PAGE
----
Ando Isamu, S.J. (Jesuit Social Center, Tokyo)
Our Bulletin likes to remember John Paul II for his contributions to involve Christians and the whole Catholic Church in the real problems of modern society and especially of poor countries.

Right after his election, John Paul II attended the Latin American Bishops' Conference (CELAM) of Puebla (Mexico), at the end of January 1979, where Liberation theologies were originated and had promoted very dynamic Christian communities. There the Pope could meet with the real poverty of Mexico and other Latin American countries, a fact that is said made him change his ready speeches and invite the bishops to take a strong stand in favor of the poor.
Social Thinking of John Paul II
1. "Laborem Exercens"   in 1981
John Paul published his first Social Encyclical "Laborem Exercens" on human work, in 1981. After summarizing the social thinking of the Catholic Church, the Pope insists that its starting point is to consider the human person as the way for the Church. It is in this perspective that work becomes a central aspect of the human condition. Work produces bread, science, culture. The modern world calls for the discovery of the new meaning and new tasks of human work at all various levels of human existence. The social teaching of the Church impels us to move from the class question to the world question. And an analysis of the situation of the world today shows an ever deeper and fuller meaning of previous analysis of social injustices.
The Church sees work from the point of view of its human and moral value and promotes a spirituality of work. Work, whether manual or intellectual, is always a personal action, the whole person, body and spirit, participates in it. Through work all people can come closer to each other and to God, the Creator and Redeemer. Work expresses and increases human dignity.

2. "Sollicitudo Rei Socialis"   in 1987
In 1987 John Paul published a new encyclical letter, "Sollicitudo Rei Socialis", stressing that authentic development rests on the Solidarity of all. Development cannot be reduced to a "technical" problem. Men and women expend their efforts in search of the happiness that is possible in this world, in line with their dignity as persons. Making negative observations on the realities of underdevelopment and denouncing actual mechanisms that strengthen only a few, the Pope brings the attention to positive aspects about awareness of human dignity and human rights, solidarity and concern for peace and sound ecology, and further affirms that 'economic development' is in crisis, that a crass materialism makes people to believe that happiness is based in 'having' so that we tend to forget our 'being' truly human. True development should consider human nature with his/her relationship to God. True development is obstaculized by structural and personal sin and there is a need of conversion, a deep sense of interdependence and solidarity to overcome 'evil mechanisms or the structures of sin'. Peace becomes the fruit of solidarity.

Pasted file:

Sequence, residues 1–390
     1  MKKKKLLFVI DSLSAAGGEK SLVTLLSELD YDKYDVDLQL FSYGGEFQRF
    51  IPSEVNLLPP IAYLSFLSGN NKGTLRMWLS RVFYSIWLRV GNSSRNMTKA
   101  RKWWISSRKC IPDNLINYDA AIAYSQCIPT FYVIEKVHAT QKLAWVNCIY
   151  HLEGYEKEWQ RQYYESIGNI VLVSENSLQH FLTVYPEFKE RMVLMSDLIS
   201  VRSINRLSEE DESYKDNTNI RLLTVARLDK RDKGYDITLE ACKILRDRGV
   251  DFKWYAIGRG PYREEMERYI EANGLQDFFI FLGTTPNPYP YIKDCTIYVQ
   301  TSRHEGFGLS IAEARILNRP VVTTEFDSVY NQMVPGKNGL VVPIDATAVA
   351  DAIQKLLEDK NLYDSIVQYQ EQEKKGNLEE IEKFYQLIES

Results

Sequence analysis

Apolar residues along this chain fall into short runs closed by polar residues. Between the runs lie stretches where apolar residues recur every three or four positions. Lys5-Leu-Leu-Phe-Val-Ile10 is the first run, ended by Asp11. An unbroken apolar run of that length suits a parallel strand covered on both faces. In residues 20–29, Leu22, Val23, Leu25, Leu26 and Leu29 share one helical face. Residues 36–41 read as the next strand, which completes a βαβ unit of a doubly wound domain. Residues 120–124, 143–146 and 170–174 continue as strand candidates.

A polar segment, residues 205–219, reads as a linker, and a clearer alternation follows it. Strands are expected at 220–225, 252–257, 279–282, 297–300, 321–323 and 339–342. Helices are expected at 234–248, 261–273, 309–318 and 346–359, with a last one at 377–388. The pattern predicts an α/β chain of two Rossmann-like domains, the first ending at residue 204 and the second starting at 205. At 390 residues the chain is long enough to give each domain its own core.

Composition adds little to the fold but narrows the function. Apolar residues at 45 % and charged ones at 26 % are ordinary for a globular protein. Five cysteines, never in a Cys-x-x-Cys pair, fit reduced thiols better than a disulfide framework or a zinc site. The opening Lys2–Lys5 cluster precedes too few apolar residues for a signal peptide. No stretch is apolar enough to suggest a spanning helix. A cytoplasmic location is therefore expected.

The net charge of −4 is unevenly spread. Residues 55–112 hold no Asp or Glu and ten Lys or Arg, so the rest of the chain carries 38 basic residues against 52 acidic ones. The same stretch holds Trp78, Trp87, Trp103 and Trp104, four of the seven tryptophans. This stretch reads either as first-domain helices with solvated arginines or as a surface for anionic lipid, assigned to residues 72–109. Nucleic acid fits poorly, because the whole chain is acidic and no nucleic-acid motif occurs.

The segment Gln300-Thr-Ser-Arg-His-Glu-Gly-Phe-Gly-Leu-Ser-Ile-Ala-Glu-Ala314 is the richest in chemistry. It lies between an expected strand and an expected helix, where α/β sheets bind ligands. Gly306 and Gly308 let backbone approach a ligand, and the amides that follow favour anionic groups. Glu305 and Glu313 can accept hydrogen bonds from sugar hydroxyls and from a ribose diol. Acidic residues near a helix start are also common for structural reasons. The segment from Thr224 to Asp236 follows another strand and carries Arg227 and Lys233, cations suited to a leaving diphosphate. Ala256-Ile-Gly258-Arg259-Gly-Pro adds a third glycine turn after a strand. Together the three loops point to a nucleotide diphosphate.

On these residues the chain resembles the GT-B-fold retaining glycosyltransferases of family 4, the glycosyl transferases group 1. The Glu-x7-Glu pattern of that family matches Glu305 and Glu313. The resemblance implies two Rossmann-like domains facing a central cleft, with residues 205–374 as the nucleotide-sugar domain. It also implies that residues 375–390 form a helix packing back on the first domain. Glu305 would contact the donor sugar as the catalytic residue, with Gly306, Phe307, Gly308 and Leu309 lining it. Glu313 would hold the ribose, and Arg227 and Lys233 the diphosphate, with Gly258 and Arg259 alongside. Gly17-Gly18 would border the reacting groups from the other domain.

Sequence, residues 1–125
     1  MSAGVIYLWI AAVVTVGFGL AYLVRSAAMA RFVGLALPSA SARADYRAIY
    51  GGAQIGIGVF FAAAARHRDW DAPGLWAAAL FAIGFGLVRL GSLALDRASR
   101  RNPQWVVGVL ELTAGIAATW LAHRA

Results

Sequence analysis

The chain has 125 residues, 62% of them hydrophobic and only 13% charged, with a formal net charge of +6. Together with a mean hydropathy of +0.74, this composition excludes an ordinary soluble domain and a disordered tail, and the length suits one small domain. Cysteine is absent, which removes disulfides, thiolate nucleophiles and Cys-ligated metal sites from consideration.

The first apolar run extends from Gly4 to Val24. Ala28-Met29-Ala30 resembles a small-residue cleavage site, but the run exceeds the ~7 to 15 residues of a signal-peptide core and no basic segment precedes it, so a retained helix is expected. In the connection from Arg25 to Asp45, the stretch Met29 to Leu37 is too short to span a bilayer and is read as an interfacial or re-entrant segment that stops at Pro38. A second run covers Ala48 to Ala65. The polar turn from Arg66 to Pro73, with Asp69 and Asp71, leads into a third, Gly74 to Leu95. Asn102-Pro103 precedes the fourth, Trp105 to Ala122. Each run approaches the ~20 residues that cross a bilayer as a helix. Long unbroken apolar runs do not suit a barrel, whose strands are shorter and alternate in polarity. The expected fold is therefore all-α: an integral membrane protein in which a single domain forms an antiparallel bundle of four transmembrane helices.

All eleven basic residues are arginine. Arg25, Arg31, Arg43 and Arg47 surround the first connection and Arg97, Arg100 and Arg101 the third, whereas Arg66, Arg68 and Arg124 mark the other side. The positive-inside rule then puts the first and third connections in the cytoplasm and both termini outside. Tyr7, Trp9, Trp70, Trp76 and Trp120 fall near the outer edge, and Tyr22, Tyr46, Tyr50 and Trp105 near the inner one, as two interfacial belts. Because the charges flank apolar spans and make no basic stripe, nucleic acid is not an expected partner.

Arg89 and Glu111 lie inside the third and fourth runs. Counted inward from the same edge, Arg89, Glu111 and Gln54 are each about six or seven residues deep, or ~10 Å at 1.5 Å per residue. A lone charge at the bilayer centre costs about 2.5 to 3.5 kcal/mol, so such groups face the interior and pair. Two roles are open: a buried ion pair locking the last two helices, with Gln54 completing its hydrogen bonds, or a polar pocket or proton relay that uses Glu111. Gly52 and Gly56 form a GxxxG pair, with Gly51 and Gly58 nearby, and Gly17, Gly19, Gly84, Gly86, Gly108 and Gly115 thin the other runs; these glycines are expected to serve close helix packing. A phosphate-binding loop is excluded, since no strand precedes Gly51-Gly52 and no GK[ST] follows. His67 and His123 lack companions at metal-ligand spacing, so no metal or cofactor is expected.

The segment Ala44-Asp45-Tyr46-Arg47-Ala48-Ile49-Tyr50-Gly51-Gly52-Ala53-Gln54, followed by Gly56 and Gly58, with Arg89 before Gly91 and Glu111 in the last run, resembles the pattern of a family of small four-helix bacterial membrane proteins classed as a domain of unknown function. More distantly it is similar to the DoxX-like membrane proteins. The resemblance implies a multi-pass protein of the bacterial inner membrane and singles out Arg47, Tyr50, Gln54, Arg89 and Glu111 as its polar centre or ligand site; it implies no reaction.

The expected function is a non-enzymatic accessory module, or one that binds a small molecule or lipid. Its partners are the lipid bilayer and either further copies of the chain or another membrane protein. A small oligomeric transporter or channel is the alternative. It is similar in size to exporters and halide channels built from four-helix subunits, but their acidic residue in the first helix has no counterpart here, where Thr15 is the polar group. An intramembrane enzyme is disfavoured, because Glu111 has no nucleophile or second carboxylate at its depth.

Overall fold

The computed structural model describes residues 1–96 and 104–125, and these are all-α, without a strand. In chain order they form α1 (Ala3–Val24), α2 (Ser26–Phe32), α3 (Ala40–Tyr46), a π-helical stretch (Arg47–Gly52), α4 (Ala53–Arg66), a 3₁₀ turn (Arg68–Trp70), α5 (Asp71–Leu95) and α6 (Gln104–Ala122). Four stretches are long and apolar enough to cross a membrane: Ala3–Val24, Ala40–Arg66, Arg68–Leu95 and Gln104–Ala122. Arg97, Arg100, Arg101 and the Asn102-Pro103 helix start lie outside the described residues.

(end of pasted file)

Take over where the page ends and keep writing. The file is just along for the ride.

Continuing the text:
3. "Centesimus Annus"   in 1991
In 1991 the Pope published a new encyclical letter with a full political message. The public funeral of the Pope shows clearly his image as a religious and political leader. Without doubt he was a main actor in the fall of communism in East Europe. The Encyclical "Centesimus Annus" (1991) gives a detailed account of the deep meaning for the world of the year 1989 that symbolizes the fall of communism in East Europe. This official document deals with a series of difficult human situations: workers' conditions and trade unions, work vs. capital, relationship between the State and citizens, socialism and Marxism, liberalism and capitalism, East-West confrontation, consumer society, natural resources and full human development, arms race, human capabilities, the free market system and the poor, creative alternatives to the present systems, authentic democracy, option for the poor and international cooperation and dialogue.
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